Davis had an all-around very strong year in 2017. The caveat was that, at 29 years old and never having had a season that good before, Davis replicating that kind of season was a tough bet. So, for a slightly smaller price, the Jets turned around and signed a player 3 years younger who possesses a very similar profile and performed at a similarly effective rate in 2017.
It’s a smart move! However, I think it needs to be understood that the Jets are still taking a pretty big gamble on Williamson. Davis, despite his pass coverage liabilities, played 99.8% of the Jets’ 2017 snaps. As John B highlighted in a previous article, the Jets expertly covered his coverage deficiencies while keeping him on the field full-time. The Titans hid Williamson’s coverage deficiencies in a different way; by completely removing him from the field on third downs. While he did play 83%, 87%, and 71% in his prvious three seasons, respectively, Williamson played only 60% of the Titans’ defensive snaps in his career year of 2017, leaving the field in passing situations. While I noticed plenty of potential on film for Williamson to not only match Davis, but become even better as an all-around player, that’s still just projection. We’ll have to see if the Jets were right to bet on Williamson comfortably shifting into a bigger role.
With that, here are some Avery Williamson clips for you to enjoy! (#54)
Williamson is known to be poor in coverage, and there’s obviously some truth to that or else he wouldn’t be playing only 3/5 of his team’s snaps. However, I came away with a far less negative perception of his coverage talents than others seem to have. I noticed plenty of promise from him in that area. Here is one example.
Williamson’s bread and butter is going sideline to sideline and making plays on the ball carrier. Here he clashes with his now-teammate, Isaiah Crowell. I hope he can rub off plays like this on to Darron Lee.
This time Williamson displays the ability to go upfield and stop Crowell for a major loss. He has really good play speed and takes solid routes to the football.
More coverage potential shown from Williamson. He sticks with Chris Hogan on this crossing route and then isn’t fooled when Hogan improvises the route. He’s all over this play and gives Hogan no chance of making the catch.
His measurables do suggest that he possesses the short-area quickness and speed necessary to be capable in coverage.
Not a coverage snap, but Williamson showcasing big time pass game value here. Shows off that speed and runs an absolutely perfect route to make a clean open field stop on one of the NFL’s most elusive and best receiving backs. Not fooled by the misdirection on the play.
Let’s move on to a few poor plays I caught. Here you can see Williamson’s coverage struggles showing up. He mans up on Jack Doyle here, and Doyle makes Williamson look foolish. Credit to Doyle here, this is a really great route. However, Williamson more than makes up for it with the hustle to not only get back and make the tackle, but force a fumble that Tennessee recovers.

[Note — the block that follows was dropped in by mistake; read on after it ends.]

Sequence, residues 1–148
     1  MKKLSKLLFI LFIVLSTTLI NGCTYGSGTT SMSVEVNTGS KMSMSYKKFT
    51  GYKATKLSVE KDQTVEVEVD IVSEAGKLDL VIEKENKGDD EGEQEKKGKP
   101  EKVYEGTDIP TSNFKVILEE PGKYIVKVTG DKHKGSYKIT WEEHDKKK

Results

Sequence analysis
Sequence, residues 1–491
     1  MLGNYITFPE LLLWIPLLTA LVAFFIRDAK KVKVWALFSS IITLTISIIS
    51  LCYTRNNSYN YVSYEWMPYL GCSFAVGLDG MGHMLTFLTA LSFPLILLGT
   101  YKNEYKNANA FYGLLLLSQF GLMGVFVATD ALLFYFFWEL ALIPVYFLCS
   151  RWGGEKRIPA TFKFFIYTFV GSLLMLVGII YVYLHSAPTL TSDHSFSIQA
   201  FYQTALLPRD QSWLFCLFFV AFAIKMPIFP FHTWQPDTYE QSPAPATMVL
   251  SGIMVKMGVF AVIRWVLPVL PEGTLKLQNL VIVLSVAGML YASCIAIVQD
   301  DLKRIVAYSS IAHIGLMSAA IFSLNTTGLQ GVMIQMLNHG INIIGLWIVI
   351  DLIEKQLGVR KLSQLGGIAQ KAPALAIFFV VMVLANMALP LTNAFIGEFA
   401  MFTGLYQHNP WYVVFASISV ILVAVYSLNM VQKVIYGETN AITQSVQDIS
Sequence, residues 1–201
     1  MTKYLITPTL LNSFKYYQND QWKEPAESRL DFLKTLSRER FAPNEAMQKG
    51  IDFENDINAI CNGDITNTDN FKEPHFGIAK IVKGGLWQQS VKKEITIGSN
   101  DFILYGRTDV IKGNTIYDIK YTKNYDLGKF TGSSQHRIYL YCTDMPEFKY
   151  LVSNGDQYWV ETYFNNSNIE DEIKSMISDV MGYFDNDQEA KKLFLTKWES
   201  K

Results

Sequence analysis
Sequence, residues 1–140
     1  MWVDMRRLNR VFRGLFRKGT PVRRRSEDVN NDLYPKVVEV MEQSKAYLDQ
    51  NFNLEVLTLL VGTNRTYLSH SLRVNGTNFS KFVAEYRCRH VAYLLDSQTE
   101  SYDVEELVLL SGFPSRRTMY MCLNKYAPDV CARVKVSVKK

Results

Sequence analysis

While I think for the most part Williamson does a good job staying disciplined with his gaps going downhill, I do think his downhill run defense can improve to catch up with his east-west game. Here’s an example, where Williamson leaves a gap open that allows a big play. Credit to Colts running back Marlon Mack here as well for a really nice cutback.
Here’s another mistake in run defense. Raiders center Rodney Hudson (a very good player) gets to the second level and seals off Williamson quickly. He still had an outside shot of slowing down or stopping this run, but guesses wrong as Marshawn Lynch makes a nice cut.
Williamson struggled early on in this season opener against Marshawn Lynch and the Raiders. This tackle attempt.... ouch. Skittles was looking young and fresh to kick this season off.
I really like that as this game went on, Williamson rebounded from a rough start and found himself getting more involved in helping to quiet the Oakland run game. Here you see much better gap pursuit and a strong tackle on Lynch. I think he is still above-average in this area, but there’s room for more consistency.
Let’s finish with a splash play. Williamson wasn’t used as a blitzer terribly often, but his speed combined with his knack for taking efficient routes showed up when he did get the opportunities to rush the passer.
Overall I like the potential I see in Williamson. There’s a lot of projection here, as Williamson definitely still needs to prove he can be effective in an every-down role. He needs to show he can be effective in coverage on any down, which I believe he can do, but we’ll just have to wait and see. He is a solid run defender with very good sideline to sideline ability while showing some pass rushing promise. I’m cautiously optimistic about what Williamson can do as a core of this defense. He could fulfill the coverage potential I saw and sharpen his downhill game to become a superstar, or he could be a pre-2017 Demario Davis.
What will Avery Williamson’s Jets career be like?
This poll is closed
Develop into consistent all-around force
Like 2017 Demario Davis: strong body of work but not without a few gaping holes
Erratic: Very high highs but some low lows that mostly average out.
Steady, average play that doesn’t stand out either way
Lots of snaps of below average performance
The signing will be a major bust